Basics of the HSA, Health Savings Account

An HSA, Health Savings Account, is an account owned by a qualified individual that can be an employee or former employee of a business. Contributions by the owner of the company to the HSA become the property of the account owner. Contributions to the account are used to pay current or future medical expenses of the account owner, their spouse, or dependents. Payments of medical expenses out of the account can only be made for expenses not reimbursable by insurance or other sourcesi.

Eligibility for the HSA

The HSA qualified individual must be covered by a HDHP, High Deductible Health Plan, and cannot be covered by other health insurance except for:

  • Insurance for accidents, disability, dental care, vision care, or long term care.
  • For plan years beginning on or before December 31, 2021, telehealth, and other remote care.

For calendar year 2022, a qualifying HDHP must have a deductible of at least $1,400 for self-only coverage and $2,800 for family coverage. There are no income limits restricting an individual’s contributions, nor or they required to have earned income to make the contribution.

Exceptions to HSA Qualification

If a person can be claimed as a dependent on another person’s return, they would not be a qualified individual for the HSA. A person would also generally be disqualified if they are a member of a health FSA or health reimbursement arrangement (HRA). However, an individual may qualify to participate in an HSA if the individual is participating only in a limited purpose FSA or HRA.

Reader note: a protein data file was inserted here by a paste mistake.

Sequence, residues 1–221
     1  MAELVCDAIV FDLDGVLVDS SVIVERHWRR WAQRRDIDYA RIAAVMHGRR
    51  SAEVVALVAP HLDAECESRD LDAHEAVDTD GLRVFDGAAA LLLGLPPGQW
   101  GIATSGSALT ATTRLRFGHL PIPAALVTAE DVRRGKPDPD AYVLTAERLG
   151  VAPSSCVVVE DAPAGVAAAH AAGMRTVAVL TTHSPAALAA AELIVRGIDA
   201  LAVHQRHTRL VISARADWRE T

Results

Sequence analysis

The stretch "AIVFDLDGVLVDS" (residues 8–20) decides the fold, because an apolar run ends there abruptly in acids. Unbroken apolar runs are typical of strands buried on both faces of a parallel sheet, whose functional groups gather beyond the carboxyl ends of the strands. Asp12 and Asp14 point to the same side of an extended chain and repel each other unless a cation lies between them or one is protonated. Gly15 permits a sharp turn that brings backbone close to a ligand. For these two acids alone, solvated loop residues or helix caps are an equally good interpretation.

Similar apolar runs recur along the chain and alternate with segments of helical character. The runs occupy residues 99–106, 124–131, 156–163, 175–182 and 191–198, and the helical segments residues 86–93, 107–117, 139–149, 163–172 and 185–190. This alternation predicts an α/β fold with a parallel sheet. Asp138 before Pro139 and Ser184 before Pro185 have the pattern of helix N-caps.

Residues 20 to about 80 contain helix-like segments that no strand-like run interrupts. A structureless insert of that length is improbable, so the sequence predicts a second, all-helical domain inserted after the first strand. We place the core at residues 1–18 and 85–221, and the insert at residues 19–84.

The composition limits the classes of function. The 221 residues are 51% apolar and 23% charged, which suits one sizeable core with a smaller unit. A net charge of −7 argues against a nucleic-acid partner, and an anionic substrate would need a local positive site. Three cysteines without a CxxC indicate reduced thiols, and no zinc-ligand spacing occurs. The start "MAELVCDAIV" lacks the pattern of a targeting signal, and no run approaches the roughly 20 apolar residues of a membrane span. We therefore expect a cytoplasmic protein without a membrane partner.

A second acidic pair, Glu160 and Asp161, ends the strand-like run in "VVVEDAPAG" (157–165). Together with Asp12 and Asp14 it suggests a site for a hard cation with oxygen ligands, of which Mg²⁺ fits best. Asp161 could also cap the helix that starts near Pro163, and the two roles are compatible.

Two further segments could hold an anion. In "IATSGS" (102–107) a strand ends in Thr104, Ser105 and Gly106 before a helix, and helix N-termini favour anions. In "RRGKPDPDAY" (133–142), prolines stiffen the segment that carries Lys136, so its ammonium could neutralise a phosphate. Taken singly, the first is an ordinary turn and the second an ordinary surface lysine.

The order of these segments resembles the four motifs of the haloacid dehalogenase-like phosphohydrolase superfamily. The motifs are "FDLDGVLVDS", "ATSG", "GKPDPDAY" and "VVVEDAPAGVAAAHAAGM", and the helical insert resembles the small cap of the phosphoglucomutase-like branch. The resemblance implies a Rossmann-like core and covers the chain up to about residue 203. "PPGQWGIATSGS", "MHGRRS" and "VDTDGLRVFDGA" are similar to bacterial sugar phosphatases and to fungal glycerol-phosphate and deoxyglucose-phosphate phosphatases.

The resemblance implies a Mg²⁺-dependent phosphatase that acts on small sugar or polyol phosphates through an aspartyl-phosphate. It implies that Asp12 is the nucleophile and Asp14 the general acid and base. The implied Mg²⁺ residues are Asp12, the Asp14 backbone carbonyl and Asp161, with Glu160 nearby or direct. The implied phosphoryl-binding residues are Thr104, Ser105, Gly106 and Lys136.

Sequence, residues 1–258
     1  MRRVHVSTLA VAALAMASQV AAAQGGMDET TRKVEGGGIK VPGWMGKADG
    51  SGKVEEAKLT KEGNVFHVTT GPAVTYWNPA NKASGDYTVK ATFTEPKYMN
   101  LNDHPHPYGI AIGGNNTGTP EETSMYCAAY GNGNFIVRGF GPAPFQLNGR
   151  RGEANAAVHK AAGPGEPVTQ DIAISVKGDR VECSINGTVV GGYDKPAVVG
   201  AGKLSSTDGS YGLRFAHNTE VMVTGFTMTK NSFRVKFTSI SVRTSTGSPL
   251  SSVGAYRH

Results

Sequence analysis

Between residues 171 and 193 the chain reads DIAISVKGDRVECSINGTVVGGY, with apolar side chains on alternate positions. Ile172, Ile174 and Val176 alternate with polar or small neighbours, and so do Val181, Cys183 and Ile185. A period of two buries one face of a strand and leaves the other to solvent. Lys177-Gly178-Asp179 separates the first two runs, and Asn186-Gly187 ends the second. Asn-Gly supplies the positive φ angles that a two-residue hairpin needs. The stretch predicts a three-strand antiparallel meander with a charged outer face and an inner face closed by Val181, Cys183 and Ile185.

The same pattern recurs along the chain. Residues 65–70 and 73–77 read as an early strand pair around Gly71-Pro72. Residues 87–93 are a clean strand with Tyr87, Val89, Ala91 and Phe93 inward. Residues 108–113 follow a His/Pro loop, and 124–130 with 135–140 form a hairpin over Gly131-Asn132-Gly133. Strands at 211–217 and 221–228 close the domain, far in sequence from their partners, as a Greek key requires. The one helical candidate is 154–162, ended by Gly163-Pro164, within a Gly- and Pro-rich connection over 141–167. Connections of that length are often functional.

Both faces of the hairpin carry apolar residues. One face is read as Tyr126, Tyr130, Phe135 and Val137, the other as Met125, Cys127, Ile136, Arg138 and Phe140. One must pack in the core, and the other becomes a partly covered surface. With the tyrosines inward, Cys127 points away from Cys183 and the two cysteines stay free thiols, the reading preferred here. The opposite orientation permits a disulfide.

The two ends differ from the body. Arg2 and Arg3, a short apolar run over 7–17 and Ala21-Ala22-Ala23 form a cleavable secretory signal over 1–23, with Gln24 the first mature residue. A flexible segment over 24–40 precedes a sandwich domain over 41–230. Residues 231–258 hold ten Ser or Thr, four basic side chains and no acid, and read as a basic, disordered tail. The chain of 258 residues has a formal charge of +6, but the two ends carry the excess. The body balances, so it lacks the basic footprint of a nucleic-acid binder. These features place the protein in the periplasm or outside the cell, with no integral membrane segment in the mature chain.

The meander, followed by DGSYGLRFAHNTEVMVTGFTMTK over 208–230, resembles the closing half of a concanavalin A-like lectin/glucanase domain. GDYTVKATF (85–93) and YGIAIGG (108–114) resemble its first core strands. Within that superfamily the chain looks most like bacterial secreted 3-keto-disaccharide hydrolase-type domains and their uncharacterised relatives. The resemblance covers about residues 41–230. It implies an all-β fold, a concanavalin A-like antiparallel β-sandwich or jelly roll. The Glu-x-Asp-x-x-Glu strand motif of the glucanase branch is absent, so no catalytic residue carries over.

HSA Employer Contributions

Up to specified limits, cash contributions to a qualified individual’s HSA are exempt from federal income tax withholding, social security taxes, Medicare tax, and FUTA tax. For 2022, the contribution can be up to $3,650 for an individual HDHP or $7,300 for a family. The contribution limit is increased by $1,000 for individuals over 55 years of age.

Nondiscrimination


Contribution amounts for all employees must be comparable for those having comparable coverage during the same period. Violations will result in an excise tax equal to 35% of the amount you contributed to all employee’s HSAs.

Contribution Exceptions

The Tax Relief and Health Care Act of 2006 allows employers to make larger HSA contributions for employees considered as non-highly compensated. This would be employees who do not meet one of these conditions:

  • The employee was a 5% owner at any time during the year or the preceding year.
  • The employee received more than $130,000 in pay for the preceding year.

The second test of pay amount can be ignored if the employee was not in the top 20% of employees when ranked by pay for the preceding year.

Partnerships and S-Corporations

Partners and 2% shareholders of an S-Corporation are not eligible for salary reduction (pre-tax) contributions to an HSA. Contributions for those participants are treated as distributions or guaranteed payments as determined by the facts and circumstances.

This is a broad big-picture overview of some complex legal issues. This information can help you to begin a discussion with your tax advisors to determine if Health Savings Accounts are right for your business.

i Employers’ Guide to Fringe Benefits – IRS.gov

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